Innovation and Fintech

In 1958, Chairman Mao launched his major economic campaign in China, the Great Leap Forward, with the slogan “More, better, faster, cheaper”. In the modern economic climate, there is a constant desire for these characteristics and M&A has provided firms with opportunities to acquire new and innovative services and production methods. Whilst issues regarding the protection of personal information and the continuing need for security against risk all present hurdles to innovation in 2018, the rise of Fintech has been one such phenomena which has targeted efficiency by which both firms and individuals conduct their business.

Fintech, as the name might suggest, is the use of technology in the financial sector through improving and/or automating financial processes. Modern day Fintech places focus on consumer orientated innovation mainly streamlining the process of money transfers, lending and borrowing and managing funds. The development of online banking through smartphones, for example, has greatly revolutionised the efficiency of money transfers. According to EY’s 2017 Fintech Adoption Index, one-third of consumers use at least two or more Fintech services in their daily lives.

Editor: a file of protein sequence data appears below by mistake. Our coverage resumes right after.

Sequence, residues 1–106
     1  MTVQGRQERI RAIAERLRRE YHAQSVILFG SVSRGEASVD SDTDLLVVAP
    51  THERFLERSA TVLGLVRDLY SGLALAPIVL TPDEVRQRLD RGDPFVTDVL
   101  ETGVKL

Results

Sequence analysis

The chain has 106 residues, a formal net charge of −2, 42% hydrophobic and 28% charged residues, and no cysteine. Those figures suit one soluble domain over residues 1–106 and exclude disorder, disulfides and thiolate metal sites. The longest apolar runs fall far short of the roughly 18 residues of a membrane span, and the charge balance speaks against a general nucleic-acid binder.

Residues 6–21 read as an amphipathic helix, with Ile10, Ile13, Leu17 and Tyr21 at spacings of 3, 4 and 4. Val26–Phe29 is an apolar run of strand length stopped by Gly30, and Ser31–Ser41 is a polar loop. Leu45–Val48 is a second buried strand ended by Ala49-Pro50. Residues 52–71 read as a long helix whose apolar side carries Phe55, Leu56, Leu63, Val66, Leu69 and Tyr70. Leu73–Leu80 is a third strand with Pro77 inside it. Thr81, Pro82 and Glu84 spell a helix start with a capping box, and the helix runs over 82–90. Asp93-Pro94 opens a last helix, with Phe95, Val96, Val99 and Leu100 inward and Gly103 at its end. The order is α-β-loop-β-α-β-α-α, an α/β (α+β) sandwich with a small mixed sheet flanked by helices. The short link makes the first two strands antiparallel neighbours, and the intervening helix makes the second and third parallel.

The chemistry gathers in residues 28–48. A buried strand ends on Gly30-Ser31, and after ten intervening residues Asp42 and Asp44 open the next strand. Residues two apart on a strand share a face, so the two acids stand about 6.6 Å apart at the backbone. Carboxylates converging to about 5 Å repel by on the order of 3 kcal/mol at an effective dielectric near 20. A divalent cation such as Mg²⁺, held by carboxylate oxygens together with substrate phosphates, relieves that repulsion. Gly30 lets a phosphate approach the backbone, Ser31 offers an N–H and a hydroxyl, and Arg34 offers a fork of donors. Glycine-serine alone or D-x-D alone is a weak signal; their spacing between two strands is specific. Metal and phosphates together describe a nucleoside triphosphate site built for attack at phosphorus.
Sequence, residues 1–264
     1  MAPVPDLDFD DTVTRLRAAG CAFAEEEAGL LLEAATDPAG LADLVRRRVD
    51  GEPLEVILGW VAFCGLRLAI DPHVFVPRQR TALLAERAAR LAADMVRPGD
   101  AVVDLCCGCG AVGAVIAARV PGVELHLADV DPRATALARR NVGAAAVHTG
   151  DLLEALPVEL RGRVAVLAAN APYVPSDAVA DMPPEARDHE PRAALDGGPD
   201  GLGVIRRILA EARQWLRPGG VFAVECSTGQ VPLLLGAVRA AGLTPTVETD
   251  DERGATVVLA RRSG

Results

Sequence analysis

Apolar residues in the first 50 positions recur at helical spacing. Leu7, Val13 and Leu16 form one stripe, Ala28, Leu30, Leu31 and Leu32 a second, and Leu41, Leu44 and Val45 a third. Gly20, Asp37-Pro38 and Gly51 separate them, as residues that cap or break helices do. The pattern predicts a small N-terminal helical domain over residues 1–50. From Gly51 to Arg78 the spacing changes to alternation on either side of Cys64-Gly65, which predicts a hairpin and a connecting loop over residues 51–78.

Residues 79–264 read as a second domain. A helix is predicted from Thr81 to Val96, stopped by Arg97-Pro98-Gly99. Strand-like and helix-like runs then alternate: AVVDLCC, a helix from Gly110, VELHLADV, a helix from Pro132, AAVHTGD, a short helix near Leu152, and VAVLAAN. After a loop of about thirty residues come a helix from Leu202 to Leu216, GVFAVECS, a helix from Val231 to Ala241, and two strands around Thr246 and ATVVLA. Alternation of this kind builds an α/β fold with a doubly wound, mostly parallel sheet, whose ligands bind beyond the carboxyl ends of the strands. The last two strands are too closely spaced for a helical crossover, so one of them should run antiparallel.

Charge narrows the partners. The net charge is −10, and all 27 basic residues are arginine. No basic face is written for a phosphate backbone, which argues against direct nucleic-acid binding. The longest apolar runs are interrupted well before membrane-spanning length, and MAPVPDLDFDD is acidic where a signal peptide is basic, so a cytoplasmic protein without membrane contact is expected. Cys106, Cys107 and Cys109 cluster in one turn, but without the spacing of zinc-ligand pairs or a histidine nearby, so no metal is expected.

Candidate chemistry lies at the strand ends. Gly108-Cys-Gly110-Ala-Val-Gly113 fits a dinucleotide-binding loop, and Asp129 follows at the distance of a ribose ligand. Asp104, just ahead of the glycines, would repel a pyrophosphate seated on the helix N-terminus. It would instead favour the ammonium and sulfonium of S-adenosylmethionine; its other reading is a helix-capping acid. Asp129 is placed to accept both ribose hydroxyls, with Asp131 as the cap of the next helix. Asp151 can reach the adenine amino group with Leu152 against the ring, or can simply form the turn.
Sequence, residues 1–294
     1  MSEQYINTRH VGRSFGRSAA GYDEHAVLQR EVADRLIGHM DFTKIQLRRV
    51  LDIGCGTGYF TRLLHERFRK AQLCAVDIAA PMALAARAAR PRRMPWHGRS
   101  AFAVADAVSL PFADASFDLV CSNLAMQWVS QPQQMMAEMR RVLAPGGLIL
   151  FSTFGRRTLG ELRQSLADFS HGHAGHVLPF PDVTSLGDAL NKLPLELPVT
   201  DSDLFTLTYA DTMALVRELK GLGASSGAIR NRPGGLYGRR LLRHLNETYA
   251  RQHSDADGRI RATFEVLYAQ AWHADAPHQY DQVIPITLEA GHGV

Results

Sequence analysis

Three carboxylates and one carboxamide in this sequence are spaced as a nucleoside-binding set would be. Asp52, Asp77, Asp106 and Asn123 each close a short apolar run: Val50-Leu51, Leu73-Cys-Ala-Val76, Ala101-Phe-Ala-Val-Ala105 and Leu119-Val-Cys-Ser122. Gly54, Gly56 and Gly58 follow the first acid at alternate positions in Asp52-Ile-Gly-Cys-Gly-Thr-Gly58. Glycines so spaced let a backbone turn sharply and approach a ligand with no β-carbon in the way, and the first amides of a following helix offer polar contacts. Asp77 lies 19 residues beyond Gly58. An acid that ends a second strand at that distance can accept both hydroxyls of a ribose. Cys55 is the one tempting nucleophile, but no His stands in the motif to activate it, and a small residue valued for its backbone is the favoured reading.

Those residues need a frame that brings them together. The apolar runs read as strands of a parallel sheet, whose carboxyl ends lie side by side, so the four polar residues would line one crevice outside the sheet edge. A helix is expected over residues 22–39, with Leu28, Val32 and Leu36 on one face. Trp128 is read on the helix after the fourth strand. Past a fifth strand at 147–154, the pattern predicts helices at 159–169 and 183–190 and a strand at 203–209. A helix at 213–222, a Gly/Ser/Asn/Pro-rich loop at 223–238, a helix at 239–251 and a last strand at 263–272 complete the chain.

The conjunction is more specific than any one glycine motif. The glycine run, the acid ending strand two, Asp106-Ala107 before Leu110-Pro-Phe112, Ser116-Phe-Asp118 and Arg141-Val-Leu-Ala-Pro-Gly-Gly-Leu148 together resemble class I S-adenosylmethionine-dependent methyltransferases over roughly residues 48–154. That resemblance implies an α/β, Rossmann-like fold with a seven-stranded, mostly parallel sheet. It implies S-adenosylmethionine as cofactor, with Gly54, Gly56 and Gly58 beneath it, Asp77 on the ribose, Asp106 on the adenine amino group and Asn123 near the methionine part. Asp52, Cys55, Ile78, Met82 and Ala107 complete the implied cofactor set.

Within very recent years, the influence of cryptocurrencies has further influenced Fintech and the development of Bitcoin, for example, has attempted to provide an alternative method of payment.

The growth of Fintech has prompted many large firms in the financial sector, specifically banks, to merge with large Fintech-based companies in order to improve the efficiency of their financial services. In 2018, Santander acquired transaction processor Elavon and BNP Paribas invested in robo-adviser Gambit Financial.